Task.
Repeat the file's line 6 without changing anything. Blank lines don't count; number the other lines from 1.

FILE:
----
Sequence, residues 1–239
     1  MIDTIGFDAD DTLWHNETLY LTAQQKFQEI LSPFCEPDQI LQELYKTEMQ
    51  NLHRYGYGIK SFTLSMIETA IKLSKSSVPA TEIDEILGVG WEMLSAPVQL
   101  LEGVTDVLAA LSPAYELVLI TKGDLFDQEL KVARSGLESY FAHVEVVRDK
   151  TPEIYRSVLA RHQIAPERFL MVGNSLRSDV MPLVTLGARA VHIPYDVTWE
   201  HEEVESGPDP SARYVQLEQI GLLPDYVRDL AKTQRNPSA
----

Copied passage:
   201  HEEVESGPDP SARYVQLEQI GLLPDYVRDL AKTQRNPSA